Stack Overflow is a community of 4.7 million programmers, just like you, helping each other.

Join them; it only takes a minute:

Sign up
Join the Stack Overflow community to:
  1. Ask programming questions
  2. Answer and help your peers
  3. Get recognized for your expertise

I have been trying to get Qt X11 cross compiled for PowerPC for a while now and kept having various problems.

From the information given my Qt support, all one needs to do is:

  1. Create a new mkspec
  2. Copy an existing directory in mkspec/ I used linux-g++ and modified it.
  3. Modify qmake.conf to use your toolchain, libraries and includes
  4. Run the following configure command:

    ./configure -arch <your arch> -xplatform <your mkspec> -prefix <where you want Qt installed> <other options>

  5. After configure is done, run make then make install. You'll find Qt installed in the directory you specified in the -prefix option.

Had all kinds of problems doing this.

share|improve this question
up vote 1 down vote accepted

My solution:

  1. Copy mkspecs/linux-g++ to mkspecs/linux-g++-<my arch>
  2. Modify mkspecs/linux-g++/qmake.conf as in the example below. Read the comments in the example file for specifics
  3. I did not have to modify qplatformdefs.h, though you might for your architecture
  4. Running the configure script with the options in the question worked along with make and make install
  5. Now you can compile your code against your cross-compiled Qt X11. moc, uic, etc. have been compiled for your host, so they will generate code accordingly.
  6. To run your software with your cross-compiled Qt libs, just copy /libs from where you install Qt to your targets lib folder or you can put it into some other folder and set your LD_LIBRARY_PATH to include the Qt lib folder.

Example qmake.conf:

#
# qmake configuration for linux-g++-ppc_74xx
#

MAKEFILE_GENERATOR = UNIX
TEMPLATE           = app
CONFIG             += qt warn_on release incremental link_prl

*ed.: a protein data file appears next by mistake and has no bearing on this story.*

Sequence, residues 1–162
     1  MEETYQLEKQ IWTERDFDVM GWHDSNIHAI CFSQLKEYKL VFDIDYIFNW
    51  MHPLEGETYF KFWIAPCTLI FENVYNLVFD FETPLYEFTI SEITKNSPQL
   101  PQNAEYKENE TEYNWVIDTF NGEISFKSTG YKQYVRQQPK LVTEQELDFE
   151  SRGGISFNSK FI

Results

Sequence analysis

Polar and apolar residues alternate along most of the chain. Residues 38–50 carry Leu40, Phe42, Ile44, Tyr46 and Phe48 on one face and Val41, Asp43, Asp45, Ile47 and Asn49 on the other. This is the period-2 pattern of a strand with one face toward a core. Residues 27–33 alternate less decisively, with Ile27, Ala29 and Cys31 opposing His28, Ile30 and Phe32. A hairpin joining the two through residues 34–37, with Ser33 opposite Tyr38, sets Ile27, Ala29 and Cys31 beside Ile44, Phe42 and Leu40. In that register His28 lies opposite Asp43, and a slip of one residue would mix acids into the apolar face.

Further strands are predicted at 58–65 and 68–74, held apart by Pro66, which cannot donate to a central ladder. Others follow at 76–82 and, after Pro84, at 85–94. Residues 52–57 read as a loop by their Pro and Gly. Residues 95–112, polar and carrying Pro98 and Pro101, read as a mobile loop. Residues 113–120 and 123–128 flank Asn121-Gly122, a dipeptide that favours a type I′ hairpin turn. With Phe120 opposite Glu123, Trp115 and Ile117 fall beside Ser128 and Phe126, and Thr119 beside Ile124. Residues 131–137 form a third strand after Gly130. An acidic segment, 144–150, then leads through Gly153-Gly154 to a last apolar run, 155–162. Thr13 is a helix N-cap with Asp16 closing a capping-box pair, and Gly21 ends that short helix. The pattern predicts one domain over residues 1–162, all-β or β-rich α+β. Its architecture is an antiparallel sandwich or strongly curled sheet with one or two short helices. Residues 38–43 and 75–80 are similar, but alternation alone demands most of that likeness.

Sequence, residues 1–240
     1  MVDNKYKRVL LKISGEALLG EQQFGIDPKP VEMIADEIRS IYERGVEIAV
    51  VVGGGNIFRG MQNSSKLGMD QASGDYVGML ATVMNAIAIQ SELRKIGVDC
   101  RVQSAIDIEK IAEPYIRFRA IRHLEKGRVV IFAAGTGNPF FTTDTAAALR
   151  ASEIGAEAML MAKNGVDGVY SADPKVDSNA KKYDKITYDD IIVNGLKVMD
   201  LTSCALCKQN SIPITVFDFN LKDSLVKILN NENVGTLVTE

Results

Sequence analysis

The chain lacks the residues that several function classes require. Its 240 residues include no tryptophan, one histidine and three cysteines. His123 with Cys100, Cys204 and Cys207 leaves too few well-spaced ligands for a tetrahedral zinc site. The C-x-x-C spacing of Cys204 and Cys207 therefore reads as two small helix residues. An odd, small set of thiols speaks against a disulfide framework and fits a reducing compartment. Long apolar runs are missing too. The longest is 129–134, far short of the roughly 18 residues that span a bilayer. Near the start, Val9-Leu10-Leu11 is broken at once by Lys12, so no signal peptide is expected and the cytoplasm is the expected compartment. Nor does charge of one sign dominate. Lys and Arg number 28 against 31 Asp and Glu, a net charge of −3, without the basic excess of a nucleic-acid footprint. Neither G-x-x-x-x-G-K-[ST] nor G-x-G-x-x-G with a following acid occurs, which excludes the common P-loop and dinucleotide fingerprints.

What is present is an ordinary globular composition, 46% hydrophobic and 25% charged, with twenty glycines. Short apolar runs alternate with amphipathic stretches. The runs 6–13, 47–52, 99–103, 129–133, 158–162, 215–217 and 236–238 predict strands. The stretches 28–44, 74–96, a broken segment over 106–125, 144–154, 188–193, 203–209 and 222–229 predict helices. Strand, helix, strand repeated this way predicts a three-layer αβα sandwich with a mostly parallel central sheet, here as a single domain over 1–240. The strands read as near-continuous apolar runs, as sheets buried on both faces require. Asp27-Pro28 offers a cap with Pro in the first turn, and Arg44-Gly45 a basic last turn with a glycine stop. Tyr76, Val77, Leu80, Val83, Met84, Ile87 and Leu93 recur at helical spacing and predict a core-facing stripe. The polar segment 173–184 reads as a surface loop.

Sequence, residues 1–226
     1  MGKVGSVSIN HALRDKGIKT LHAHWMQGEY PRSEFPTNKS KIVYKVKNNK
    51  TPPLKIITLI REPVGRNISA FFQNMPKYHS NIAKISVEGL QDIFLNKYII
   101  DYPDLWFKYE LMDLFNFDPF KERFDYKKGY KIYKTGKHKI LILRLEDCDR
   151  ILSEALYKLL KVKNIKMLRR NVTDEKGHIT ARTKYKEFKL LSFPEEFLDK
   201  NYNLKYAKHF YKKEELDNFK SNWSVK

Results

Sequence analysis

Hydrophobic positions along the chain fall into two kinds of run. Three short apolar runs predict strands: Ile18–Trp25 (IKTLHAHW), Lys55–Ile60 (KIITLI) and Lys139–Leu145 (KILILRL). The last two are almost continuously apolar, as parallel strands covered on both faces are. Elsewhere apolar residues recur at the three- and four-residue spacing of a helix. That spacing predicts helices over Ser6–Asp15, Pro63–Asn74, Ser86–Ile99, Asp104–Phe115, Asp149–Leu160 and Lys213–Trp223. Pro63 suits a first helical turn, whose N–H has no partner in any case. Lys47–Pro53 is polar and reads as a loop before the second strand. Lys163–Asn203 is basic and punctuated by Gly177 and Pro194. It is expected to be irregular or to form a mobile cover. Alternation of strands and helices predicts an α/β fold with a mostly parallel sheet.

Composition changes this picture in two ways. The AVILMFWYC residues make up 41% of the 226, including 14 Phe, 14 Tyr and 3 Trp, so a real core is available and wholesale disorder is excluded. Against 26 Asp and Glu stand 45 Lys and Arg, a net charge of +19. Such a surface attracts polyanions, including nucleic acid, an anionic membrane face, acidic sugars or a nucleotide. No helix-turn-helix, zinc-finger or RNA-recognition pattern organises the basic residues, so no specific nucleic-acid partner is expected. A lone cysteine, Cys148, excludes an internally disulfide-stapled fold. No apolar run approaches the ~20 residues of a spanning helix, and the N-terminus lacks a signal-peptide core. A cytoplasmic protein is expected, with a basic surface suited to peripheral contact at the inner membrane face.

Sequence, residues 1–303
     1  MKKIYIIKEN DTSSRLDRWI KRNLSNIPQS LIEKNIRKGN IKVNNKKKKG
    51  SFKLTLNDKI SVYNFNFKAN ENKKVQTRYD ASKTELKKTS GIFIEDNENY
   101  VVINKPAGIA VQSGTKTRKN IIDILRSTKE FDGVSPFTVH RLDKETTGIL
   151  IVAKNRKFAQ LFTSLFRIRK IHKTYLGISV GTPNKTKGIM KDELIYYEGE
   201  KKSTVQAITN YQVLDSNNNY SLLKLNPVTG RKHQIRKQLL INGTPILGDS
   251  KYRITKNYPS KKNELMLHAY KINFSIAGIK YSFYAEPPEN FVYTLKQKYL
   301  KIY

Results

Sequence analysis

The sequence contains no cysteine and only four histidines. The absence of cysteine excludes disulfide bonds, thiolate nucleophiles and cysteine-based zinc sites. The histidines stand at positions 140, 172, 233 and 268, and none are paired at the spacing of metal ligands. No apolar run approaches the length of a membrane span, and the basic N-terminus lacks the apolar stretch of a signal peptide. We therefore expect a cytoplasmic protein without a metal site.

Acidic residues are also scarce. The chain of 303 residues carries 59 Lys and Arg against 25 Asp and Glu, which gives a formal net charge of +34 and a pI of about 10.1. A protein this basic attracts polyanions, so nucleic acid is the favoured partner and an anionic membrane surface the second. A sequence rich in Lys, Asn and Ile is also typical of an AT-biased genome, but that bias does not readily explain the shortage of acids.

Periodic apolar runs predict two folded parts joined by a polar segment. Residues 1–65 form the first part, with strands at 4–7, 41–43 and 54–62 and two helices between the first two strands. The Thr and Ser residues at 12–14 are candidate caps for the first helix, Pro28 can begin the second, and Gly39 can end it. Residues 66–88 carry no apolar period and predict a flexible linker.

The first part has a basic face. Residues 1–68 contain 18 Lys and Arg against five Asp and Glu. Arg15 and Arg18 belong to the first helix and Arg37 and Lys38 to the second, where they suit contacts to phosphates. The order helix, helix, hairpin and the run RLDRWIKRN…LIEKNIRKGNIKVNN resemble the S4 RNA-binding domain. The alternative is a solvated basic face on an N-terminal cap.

QT                 += core gui
QMAKE_INCREMENTAL_STYLE = sublib

include(../common/g++.conf)
include(../common/linux.conf)

#
# Modifications to g++.conf
#
# my_arch-g++ is the full executable path of your g++, make sure your PATH
# contains the directory for your toolchain
#
QMAKE_CC         = my_arch-g++
QMAKE_CXX        = my_arch-g++
QMAKE_LINK       = my_arch-g++
QMAKE_LINK_SHLIB = my_arch-g++

#
# I had to provide includes and libraries for packages my toolchain does not
# provide this is mostly X11 and glib stuff.  You'll either have to
# cross-compile it yourself or get it from your distribution
#
QMAKE_CFLAGS     = -I/path/to/your/includes \
                   -L/path/to/your/libs
QMAKE_CXXFLAGS   = $$QMAKE_CFLAGS

#
# Modifications to linux.conf
#
# Same as g++ stuff above
#
QMAKE_AR          = my_arch-ar cqs
QMAKE_OBJCOPY     = my_arch-objcopy
QMAKE_STRIP       = my_arch-strip

#
# I had all kinds of problems linking Qt source with X11 depending on how I
# specified the include paths.  My toolchain provided most X11 functionality
# and I just had to add missing parts in the CXXFLAGS and CFLAGS,
# but specifying exactly where to find X11 includes and libraries specific
# to my toolchain fixed some of the issues I experienced
#
QMAKE_INCDIR_X11  = /path/to/your/toolchain/includes
QMAKE_LIBDIR_X11  = /path/to/your/toolchain/libs

load(qt_config)

UPDATE:

This solution will work for "stand-alone" compilation. If you need to build Qt X11 for Angstrom, OpenEmbedded, Android, OpenWRT, etc. you'll have to use their respective build systems for proper compilation. For example, for OpenEmbedded targets (i.e. Angstrom), you'll have to write a BitBake recipe.

This problem occurred due to a need for supporting legacy systems. Using Embedded Qt was not an option. For new projects, I would strongly recommend the use of Embedded Qt.

share|improve this answer

Your Answer

 
discard

By posting your answer, you agree to the privacy policy and terms of service.

Not the answer you're looking for? Browse other questions tagged or ask your own question.